Published by: Definitions
Price: 735 INR
“Darkhenge is the finest young adult novel I have read for quite a while: thrilling and subtle, intensely lyrical and psychologically profound.”
For quite a many weeks after buying ‘Darkhenge‘ by Catherine Fisher, it offered me no respite in its slow reading. For the beginning and the chapters that followed were almost as obscure as French to me, given that I was having extreme difficulty studying the language in high school. As time went by and my vocabulary and patience to read something grew, I gave it a second chance and was pleasantly surprised to find that I’d struck gold! I was drawn into a magical world of rivalry, irritation and boatloads of imagination.
The novel is full of legends, myths and stories that encircle the real one. Be it the introductory paragraph that reminds one of the story of Persephone and Hades (the one with the pomegranate) or the poems (including ‘The Battle of the Trees’) that appear before every chapter once in a while, ‘Darkhenge’ contains quite the mystical side to it. Tim Edmunds has beautifully illustrated the cover for this novel. The setting is that of a dead midnight with an eagle flying over the digging site, majestic as ever and shining under the moon’s eye.
This is a book that is both absorbing and hazy to describe. The ease with which Fisher has managed to mesh the real world with the imaginary, mythical one is nothing short of extraordinary!
Fisher has beautifully portrayed the rivalry between brothers and sisters, older and younger, first and second. As she herself says, she has explored these rivalries and found to be
“big enough in real life, but magnified weirdly in a place where nothing is straightforward and everyone wears masks.”
Rob’s younger sister Chloe has been in a coma since the past three months after a riding accident and the family’s life is in a disarray. To distract himself from the monotonous schedule they have all fallen into, he takes up a job working (read: sketching) at a secret archaeological site, where workers have uncovered a mystical ring of black timbers. At its centre is an ancient tree buried upside down in the earth. Soon enough, he finds out that the tree has the power to transport him to Unworld in the Kingdom on Annwn- where Chloe lives trapped between life and death. Fisher writes how strongly Chloe feels about having to live life overshadowed by her popular bothers existence. In Annwn, she soon begins to realize she has the power to control the circumstances, if at least in this world, and slowly begins to get intoxicated by the same. The stronger her powers become, the greater the danger of her trapping herself in the Unworld.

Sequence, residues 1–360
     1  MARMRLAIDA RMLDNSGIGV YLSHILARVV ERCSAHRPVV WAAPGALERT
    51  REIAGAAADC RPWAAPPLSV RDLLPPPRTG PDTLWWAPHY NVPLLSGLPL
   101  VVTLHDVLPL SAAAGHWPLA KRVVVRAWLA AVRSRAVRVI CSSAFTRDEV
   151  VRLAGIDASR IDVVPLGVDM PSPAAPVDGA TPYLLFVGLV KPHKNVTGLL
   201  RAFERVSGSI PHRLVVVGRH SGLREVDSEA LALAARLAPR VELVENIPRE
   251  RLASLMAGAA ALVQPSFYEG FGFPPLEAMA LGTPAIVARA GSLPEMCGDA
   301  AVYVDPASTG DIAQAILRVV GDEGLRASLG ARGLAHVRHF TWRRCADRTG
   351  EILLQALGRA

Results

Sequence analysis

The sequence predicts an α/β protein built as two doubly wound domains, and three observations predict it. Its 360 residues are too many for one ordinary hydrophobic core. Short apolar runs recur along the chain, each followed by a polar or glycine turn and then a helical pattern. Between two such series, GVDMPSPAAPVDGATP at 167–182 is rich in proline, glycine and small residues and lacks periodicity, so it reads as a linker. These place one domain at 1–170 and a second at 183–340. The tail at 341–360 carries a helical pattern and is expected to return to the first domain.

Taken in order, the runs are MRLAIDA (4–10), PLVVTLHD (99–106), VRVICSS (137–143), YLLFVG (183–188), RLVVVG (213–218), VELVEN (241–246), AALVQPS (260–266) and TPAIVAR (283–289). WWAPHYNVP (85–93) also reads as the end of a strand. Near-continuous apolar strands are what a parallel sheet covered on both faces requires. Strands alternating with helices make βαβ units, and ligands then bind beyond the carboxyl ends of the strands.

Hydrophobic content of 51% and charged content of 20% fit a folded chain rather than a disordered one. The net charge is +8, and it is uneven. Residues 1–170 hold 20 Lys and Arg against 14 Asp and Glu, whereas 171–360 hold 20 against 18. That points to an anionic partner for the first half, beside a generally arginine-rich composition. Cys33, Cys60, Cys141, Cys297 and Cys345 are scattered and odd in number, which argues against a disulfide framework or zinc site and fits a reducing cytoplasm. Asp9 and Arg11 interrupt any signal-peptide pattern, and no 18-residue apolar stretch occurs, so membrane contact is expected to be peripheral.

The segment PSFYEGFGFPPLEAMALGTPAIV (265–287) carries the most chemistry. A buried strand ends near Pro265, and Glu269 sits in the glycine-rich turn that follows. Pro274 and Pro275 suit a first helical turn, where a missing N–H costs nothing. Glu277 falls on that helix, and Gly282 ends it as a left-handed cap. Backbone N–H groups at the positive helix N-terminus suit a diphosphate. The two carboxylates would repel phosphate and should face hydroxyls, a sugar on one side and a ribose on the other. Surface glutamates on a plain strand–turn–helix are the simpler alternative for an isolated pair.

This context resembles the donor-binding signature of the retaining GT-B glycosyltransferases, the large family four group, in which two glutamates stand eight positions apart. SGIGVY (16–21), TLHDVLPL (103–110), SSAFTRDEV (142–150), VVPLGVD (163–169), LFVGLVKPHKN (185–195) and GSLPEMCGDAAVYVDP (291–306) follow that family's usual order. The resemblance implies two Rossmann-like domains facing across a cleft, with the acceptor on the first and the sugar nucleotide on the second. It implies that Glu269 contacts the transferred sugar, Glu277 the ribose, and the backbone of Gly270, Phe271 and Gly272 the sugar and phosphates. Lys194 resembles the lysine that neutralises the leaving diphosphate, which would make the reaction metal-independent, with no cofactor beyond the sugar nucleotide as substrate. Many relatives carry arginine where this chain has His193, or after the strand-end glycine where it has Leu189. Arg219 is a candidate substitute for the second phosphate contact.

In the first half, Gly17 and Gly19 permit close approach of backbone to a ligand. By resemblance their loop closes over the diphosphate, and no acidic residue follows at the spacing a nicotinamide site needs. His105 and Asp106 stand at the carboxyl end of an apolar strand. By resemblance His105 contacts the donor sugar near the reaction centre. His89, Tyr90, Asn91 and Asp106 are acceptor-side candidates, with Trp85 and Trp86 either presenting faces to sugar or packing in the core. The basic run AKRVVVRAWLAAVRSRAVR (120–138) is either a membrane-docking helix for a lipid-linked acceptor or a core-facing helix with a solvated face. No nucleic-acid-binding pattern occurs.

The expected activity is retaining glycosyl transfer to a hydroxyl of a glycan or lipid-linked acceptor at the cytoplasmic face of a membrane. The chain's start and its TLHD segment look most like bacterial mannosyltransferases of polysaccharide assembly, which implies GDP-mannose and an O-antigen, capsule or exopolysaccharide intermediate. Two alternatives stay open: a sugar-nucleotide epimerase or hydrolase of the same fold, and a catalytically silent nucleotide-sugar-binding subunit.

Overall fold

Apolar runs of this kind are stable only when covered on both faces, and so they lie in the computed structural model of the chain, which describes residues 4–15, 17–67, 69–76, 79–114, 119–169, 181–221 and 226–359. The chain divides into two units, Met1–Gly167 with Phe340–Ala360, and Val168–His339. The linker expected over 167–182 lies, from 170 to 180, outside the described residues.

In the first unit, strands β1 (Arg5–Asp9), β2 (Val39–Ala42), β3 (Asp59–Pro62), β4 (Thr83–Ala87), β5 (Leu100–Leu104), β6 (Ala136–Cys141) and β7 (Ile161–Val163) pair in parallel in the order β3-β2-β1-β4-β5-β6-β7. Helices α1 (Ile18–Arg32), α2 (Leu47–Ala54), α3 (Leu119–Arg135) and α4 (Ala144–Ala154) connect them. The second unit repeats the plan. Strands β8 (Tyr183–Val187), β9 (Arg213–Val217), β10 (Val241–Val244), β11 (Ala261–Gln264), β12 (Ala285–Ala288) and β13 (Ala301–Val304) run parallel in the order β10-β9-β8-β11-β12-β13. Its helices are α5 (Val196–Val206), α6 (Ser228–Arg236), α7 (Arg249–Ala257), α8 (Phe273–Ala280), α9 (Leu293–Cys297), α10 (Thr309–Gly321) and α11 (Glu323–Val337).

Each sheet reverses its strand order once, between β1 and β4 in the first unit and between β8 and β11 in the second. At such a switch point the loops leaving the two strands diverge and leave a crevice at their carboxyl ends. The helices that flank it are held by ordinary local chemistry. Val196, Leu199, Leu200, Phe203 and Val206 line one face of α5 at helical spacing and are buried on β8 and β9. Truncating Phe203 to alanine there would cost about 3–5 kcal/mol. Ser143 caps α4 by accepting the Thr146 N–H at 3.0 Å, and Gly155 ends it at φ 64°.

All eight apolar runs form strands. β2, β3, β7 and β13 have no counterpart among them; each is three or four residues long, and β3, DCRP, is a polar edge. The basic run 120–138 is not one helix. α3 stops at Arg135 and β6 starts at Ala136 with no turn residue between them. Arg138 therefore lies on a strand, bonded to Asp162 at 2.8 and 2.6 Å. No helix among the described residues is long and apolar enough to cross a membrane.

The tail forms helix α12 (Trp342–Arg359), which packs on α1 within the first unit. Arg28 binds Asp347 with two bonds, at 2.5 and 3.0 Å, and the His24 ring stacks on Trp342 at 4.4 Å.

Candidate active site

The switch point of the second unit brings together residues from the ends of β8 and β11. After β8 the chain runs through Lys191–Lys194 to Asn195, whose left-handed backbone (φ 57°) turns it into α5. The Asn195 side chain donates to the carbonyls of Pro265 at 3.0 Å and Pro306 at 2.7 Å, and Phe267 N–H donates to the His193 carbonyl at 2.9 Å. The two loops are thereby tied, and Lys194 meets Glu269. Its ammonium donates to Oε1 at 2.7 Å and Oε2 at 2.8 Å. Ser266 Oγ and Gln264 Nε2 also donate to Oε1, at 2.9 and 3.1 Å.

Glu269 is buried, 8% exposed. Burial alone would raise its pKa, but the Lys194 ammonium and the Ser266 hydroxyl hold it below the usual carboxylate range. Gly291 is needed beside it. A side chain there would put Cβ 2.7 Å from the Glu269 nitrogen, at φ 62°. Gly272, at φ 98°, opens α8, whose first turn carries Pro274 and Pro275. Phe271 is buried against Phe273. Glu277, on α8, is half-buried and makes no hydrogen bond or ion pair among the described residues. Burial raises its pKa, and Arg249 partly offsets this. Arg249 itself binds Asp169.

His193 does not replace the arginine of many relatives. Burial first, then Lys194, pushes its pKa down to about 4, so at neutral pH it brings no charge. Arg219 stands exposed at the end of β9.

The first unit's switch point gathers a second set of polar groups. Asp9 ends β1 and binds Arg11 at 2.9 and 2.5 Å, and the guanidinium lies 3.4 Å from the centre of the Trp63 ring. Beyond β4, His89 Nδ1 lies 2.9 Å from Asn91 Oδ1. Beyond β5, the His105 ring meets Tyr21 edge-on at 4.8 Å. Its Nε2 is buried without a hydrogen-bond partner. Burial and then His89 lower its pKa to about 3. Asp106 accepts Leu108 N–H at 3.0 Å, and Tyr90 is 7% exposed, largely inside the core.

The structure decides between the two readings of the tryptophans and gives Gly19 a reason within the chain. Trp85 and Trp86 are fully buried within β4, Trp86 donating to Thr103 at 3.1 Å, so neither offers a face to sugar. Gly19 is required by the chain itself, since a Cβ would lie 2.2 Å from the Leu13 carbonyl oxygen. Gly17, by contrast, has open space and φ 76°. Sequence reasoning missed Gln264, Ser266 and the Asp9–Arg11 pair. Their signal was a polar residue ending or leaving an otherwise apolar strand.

Fisher has spent a great deal of time in Avebury and its surroundings, with regard to her familiarity with the people, tourists, and the illegal camping sites where the Pagans stay. She is able to recreate the entire village to a state of perfection within the chapters. Seeming to display itself as a darker fairy tale, at the end of the day, we have to realize that the author has magnified the relationship between a bother and a sister quite a lot. A loving big brother who ignores and occasionally irritates his sister. But then, who doesn’t?
Rating: 6.5/ 10
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